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    Spatial and Cultural Implications of The Twilight Zone

    Matthew Messner
    Nov 13, '13 6:21 PM EST

    I apologize for the long silence.  This semester has been like no other I have ever had as I am no longer working on Architecture, per se.  Currently,  I am finishing up the final coarse work for the Masters of Art and Design Criticism.

    What this means is that I am rarely around the school.  At this point,  I spend more time on campus TAing than attending class. With most of my work being done from home.  Something I have never experienced.

    So what am I doing with no studio, and all of that "spare time?"  Well, I have kept quite busy with competitions, writing, attending events and galleries, as well as sleeping more than in previous years.  I must say, my health has drastically improved.  

    I do have one main class, taught by Judith K. De Jong, entitled Commodity and Delight.  In this small (4 students) class, we discuss the spaces of leisure, from parks to malls to stadia.

    The main product of the class being a research paper.  In an attempt to wrap this paper into my larger project of the influences and use of popular media in architecture (more on that later), I have been looking at the early 1960's television show The Twilight Zone.  

    Through out many of the episodes, plot lines revolve around the spaces of post war/pre cultural revolution.  In each case the use of "normal" spaces is used to explore underlying, and sometime controversial,  social and cultural themes.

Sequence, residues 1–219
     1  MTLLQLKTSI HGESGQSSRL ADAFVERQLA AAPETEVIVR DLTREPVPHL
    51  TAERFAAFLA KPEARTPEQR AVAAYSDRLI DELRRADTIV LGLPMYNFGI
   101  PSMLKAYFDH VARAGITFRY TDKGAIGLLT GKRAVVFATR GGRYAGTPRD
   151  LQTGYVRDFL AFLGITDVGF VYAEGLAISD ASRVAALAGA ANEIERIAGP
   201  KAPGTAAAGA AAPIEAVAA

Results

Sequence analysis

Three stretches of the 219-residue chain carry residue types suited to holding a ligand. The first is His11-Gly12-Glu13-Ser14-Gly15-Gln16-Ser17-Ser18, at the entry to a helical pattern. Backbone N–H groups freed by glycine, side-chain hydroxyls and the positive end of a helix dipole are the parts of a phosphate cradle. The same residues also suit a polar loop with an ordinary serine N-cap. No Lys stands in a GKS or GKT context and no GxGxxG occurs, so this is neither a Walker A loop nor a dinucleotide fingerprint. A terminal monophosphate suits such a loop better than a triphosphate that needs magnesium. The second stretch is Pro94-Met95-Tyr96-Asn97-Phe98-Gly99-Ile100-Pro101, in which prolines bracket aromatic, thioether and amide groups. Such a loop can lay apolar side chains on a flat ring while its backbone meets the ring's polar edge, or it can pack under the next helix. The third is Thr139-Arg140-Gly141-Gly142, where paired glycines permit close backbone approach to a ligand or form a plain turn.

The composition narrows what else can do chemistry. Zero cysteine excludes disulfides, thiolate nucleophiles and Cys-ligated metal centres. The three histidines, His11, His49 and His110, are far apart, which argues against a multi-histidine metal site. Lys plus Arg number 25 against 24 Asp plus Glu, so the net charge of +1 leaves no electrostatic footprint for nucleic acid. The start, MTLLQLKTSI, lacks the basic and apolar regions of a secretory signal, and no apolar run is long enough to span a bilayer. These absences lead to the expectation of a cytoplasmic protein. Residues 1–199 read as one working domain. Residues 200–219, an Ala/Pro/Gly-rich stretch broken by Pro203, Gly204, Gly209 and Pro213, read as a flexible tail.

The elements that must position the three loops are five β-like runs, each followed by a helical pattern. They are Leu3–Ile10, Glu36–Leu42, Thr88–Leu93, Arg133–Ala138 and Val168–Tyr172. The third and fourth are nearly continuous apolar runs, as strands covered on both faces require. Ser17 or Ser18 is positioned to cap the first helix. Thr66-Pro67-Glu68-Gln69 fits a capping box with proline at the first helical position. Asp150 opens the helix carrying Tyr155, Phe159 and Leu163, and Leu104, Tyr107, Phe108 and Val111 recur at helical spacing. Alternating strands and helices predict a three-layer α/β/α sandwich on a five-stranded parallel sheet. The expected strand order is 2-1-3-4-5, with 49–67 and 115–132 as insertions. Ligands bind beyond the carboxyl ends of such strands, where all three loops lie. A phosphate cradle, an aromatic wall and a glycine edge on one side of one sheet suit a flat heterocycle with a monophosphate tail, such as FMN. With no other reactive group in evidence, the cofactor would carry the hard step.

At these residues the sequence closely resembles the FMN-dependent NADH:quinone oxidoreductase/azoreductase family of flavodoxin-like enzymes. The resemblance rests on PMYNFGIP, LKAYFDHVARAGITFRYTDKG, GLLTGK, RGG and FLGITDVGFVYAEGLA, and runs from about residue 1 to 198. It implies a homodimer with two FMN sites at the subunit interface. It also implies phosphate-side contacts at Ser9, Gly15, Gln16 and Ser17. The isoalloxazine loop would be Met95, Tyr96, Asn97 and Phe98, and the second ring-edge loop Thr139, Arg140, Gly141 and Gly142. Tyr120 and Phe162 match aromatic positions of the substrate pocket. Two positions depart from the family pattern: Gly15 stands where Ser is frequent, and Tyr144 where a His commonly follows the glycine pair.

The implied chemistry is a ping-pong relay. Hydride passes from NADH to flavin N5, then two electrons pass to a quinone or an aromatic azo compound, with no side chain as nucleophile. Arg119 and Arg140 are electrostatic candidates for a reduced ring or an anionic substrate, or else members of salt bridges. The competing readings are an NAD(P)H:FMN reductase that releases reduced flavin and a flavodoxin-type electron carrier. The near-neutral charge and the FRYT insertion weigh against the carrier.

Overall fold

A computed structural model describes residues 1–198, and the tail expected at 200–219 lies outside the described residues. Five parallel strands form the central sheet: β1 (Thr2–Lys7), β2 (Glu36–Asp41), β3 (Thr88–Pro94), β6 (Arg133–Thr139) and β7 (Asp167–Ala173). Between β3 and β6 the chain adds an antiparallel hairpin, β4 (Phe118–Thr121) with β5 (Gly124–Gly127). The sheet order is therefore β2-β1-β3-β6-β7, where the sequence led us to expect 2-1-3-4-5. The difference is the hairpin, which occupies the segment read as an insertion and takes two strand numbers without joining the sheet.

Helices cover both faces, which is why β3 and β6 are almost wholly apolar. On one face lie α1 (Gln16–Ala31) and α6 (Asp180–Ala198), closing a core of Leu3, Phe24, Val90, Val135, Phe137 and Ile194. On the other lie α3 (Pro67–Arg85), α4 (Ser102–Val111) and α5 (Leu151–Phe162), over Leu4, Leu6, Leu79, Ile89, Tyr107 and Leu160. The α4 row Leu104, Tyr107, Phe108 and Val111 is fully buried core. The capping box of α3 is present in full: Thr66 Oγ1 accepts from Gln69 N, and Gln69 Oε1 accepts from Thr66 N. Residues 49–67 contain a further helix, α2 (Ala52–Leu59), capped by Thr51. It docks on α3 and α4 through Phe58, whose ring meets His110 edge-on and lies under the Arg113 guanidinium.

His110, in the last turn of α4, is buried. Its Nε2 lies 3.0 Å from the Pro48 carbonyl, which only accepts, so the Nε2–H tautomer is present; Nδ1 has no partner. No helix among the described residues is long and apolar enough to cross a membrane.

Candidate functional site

The After Hours (se:1 ep:34) explores what it means to be normal in a new affluent America through the use of a department store as a protagonist character, and a confused young women in search of her place in the world.


    In Stopover in a Quiet Town (se:5 ep:30) , a hip young New York couple wake up to find themselves in a seemingly abandoned small town made of faux architecture and landscape.  The episode successfully highlights a growing disparity between traditional living and the fast paced, yet blase, life of young urbanites.  


    If you have not already, pick up a copy of CLOG:SciFi for more of my writing on the intersection of SciFi television and architecture in my piece Bigger on the Inside.



    • 1 Comment

    • Is Professor De Jong's 'The New SubUrbanisms' only available as a Kindle e-Book? The description as cataloging/examining the formal/physical ways in which suburbs/cities are looking more and more alike, appeals...

      Nov 18, 13 8:01 pm  · 

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